By Carol L. O’Riordan
Concluding a long-running dispute between two construction companies that had engaged in a joint venture to renovate a D.C. public school, the D.C. Court of Appeals ruled on October 6, 2016, that the James G. Davis Construction Co. must pay $775,000 in attorney’s fees to its former joint venture partner, HRGM Corp. It affirmed a ruling by a D.C. trial judge in doing so. The fee amount that was upheld by the appeals court amounted to about 10 times the total of compensatory and punitive damages that a jury had awarded to HRGM.
When the two companies were working together to renovate McKinley Technical High School in Northeast D.C. nearly a decade ago, a dispute broke out between them. HRGM contended that Davis had breached the joint venture agreement in several ways and Davis countersued for unpaid capital contributions. In 2011, a jury awarded HRGM $5,056 in compensatory damages and $70,500 in punitive damages and rejected Davis’s counterclaim.
Next, HRGM applied for attorney’s fees based on a provision of the joint venture agreement that permits the award of fees if a breach of the joint venture agreement is found. The trial court awarded about $775,000 in attorney’s fees to HRGM.
This appeal concerned only the attorney’s fee issue. Davis contended that HRGM wasn’t entitled to the fees because the punitive damages portion of the jury award already took into account the fees that HRGM had to expend, and thus the award of fees amounted to HRGM getting paid twice for the same thing. In support of that argument, Davis noted that the trial judge had instructed the jury to “consider ‘any attorney’s fees that [HRGM] has incurred in this case’ as one factor in its calculation of punitive damages.”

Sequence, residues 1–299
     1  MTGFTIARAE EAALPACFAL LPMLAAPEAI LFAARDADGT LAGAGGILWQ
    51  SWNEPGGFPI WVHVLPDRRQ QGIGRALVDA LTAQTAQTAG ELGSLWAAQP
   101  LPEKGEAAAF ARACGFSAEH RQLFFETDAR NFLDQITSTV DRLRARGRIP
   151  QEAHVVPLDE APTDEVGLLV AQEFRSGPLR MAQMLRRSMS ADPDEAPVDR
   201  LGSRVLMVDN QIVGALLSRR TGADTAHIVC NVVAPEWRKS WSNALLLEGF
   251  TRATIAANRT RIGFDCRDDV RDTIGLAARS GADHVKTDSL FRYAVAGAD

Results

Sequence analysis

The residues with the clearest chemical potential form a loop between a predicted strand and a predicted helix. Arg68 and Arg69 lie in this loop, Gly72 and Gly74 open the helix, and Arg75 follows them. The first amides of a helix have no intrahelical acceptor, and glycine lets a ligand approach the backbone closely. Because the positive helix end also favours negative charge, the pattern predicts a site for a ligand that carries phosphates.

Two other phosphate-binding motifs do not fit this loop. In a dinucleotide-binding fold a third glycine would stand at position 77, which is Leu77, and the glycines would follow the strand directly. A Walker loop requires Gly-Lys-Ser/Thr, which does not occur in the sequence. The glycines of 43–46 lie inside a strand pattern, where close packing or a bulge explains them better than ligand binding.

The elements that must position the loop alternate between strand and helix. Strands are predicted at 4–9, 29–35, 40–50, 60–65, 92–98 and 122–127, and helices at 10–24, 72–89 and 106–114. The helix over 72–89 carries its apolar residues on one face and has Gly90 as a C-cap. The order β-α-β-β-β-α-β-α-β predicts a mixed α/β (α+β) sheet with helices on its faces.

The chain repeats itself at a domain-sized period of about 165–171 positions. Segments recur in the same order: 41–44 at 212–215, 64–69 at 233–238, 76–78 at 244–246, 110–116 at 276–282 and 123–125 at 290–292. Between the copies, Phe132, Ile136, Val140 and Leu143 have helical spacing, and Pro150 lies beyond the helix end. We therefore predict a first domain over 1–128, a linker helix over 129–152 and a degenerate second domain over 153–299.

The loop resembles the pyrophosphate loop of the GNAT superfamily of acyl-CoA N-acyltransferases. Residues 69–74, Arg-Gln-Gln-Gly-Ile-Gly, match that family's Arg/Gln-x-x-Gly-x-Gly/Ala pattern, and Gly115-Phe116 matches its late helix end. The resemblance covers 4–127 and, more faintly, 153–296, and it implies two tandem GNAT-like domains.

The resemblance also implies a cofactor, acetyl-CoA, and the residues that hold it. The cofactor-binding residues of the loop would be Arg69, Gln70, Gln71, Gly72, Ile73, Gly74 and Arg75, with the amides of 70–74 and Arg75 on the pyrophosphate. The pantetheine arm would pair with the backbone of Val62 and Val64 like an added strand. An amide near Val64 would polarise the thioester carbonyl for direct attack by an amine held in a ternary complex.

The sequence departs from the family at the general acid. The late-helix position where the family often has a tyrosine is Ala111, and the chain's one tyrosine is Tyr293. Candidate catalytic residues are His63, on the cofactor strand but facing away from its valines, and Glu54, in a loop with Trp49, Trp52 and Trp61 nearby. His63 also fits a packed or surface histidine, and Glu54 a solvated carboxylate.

As the appeals court noted, HRGM replied that punitive damages and contractual attorney’s fees “serve wholly different purposes” from each other in that punitive damages are designed to punish and deter, whereas contractual attorney’s fees are intended to compensate the prevailing party for the harm that it suffered. In support of this assertion, HRGM cited decisions from other jurisdictions in which trial courts were permitted to award attorney’s fees even though the jury had already considered the expense of litigation in awarding punitive damages.
The appeals court was unable to find any D.C. precedent squarely bearing on this issue, but it looked at these precedents from other jurisdictions and agreed with HRGM.
“This award under the clause was compensatory in nature, in contrast with the jury’s award of punitive damages,” the court wrote. “Although the jury was instructed that it could consider attorney’s fees incurred alongside other factors, its goal was to produce an award ‘sufficient to punish the defendant for his or her conduct and to serve as an example to prevent others from acting in a similar way’ rather than to make HRGM whole. Thus there was no double recovery although HRGM benefited from two separate monetary awards based on overlapping factors.”
The court also rejected Davis’s argument that the fee award was excessive since it was much larger than the actual and punitive damages award by the jury and thus amounted to an abuse of discretion. The court said that the case was never primarily about money and that HRGM achieved its major objective in filing suit – to show that Davis acted with willful disregard of its rights. Thus the trial court acted within its discretion in awarding the fees.